Frequently Asked Questions
There are many questions we get asked by our clients, take a look below to see if you can find the answer you are looking for.
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Lasting Power of Attorney FAQs
What does a Lasting Power of Attorney do?
A lasting power of attorney is a very powerful legal instrument that allows the donor (the person giving the power) to give the attorney the right to act on their behalf on very important decision making issues.
This may include the payment of bills, access to bank accounts and over very important decisions regarding a persons health and well being such as where they receive care and decisions even as important as a life support machine.
What are the different types of Lasting Power of Attorney?
One is for Property and Financial Affairs and the other is for Health and Welfare. Both are recommended.
Will I be allowed to make decisions for my partner?
Should a person no longer be able to make decisions for themselves due to an accident or through declining health, without a Lasting Power of Attorney in place the spouse does not automatically have the right to look after their loved ones affairs.
The Court of Protection takes control by appointing a Deputy, this costs a lot of money and although it is possible for the spouse to apply to the courts for this in order to take over this role this will take time and is very expensive. Having Lasting Powers of Attorney in place avoids this.
Our bank accounts are in joint names – will this affect anything?
Unfortunately some banks will still freeze the account until they see evidence of who has control as an Attorney.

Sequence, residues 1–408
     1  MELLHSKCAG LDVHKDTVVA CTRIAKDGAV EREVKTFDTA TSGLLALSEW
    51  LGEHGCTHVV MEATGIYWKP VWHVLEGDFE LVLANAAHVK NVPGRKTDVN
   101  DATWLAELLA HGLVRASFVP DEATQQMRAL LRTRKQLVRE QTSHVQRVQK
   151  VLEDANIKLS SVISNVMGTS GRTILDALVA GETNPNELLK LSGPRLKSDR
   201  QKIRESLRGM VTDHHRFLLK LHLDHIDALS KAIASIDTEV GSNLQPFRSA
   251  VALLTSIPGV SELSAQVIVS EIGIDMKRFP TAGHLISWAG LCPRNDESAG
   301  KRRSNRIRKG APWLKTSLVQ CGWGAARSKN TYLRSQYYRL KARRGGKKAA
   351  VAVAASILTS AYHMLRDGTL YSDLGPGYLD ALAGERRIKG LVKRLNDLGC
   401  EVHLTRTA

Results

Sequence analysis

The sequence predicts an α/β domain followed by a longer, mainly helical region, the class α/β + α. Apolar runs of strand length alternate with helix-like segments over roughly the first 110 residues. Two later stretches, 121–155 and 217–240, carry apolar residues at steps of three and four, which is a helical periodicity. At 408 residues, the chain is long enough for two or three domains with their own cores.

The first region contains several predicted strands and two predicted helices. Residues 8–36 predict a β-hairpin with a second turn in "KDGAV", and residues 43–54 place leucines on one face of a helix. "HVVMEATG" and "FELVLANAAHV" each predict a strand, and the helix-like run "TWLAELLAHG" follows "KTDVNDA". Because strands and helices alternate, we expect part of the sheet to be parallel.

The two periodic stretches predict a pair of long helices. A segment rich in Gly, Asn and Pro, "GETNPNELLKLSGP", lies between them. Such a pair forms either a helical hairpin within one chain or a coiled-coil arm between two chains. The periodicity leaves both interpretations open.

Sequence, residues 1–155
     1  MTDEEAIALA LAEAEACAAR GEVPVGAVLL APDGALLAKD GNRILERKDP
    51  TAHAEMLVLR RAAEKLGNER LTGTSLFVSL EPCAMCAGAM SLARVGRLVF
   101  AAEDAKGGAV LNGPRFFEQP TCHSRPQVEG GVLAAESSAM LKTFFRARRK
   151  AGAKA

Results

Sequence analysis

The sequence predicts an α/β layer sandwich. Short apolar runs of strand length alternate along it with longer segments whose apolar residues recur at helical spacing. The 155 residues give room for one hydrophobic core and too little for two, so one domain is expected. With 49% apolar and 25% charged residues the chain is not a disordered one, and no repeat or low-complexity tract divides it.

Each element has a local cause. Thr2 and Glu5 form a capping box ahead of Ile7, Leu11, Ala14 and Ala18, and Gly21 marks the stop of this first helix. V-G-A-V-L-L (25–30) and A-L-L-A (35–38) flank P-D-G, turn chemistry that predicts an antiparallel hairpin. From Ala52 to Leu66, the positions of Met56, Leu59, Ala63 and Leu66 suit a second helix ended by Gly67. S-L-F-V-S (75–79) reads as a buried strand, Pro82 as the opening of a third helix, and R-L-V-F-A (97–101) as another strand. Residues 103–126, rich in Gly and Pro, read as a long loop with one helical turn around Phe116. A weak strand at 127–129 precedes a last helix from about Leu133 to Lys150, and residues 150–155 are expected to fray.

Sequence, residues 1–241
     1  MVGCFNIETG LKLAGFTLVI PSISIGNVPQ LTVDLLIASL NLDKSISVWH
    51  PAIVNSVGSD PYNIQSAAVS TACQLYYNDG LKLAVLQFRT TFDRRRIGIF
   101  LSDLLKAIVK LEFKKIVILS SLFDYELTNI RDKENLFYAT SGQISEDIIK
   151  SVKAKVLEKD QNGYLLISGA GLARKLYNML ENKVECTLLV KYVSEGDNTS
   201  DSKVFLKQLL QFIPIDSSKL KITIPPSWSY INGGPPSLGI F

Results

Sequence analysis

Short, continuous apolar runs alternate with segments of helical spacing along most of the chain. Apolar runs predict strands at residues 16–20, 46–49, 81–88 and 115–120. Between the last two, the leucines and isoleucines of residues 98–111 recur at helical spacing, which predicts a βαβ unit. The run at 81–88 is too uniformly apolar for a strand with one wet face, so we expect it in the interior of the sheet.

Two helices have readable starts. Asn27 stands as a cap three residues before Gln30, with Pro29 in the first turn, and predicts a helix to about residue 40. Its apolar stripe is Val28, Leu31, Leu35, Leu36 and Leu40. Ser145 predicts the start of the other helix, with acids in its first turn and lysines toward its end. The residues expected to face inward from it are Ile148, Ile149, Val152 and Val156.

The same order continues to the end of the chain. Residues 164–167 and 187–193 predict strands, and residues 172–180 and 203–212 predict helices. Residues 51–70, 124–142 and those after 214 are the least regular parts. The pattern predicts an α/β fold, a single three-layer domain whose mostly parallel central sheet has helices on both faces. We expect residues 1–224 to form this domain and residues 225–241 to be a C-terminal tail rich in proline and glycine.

How old do you have to be to get a Lasting Power of Attorney?
Anyone of us can have an accident or stroke without warning and then it maybe too late to put this legal document in place. It has to completed when someone has the mental capacity to do so. It is so easy to put it off thinking that these things only happen to other people.
Our property is in joint names, will this affect anything?
Consider for a moment a property in joint names. The spouse has an unexpected road accident, the disability means that the home needs to be adapted to help cope with the disability-perhaps a bungalow would be more suitable.
Therefore selling the house is the best move forward, this requires both parties to agree to sell, however the spouse who had the accident no longer has the capacity to make these decisions.
This is a serious situation, having a Lasting Power of Attorney for Property and Finance in place overcomes this problem.
What if we never need our Lasting Power of Attorney?
Hopefully this will be the case, you have a choice as to whether to register them straight away or hold them in a secure place and only register them when they may be needed.
It is an individual choice- however all of us should have these in place, remember we never know when they may be needed.
It is too late to try and have them in place after someone has lost capacity. They cease to be of use and can not be used after someone passes away.
I am single do I need a Will?
The simple answer is yes. If you want to ensure that your assets pass to the people of your choice and not leave things to chance everyone should have something in place even if it is straight forward.
A will professionally put together will provide the legal document required to ensure that money, assets and possessions pass to family or friends of your choice.
The alternative is to leave things to chance, even then dying intestate (without a will) takes so much longer for your family to sort out and it will without doubt cost a lot of money in the long run for the estate to pass.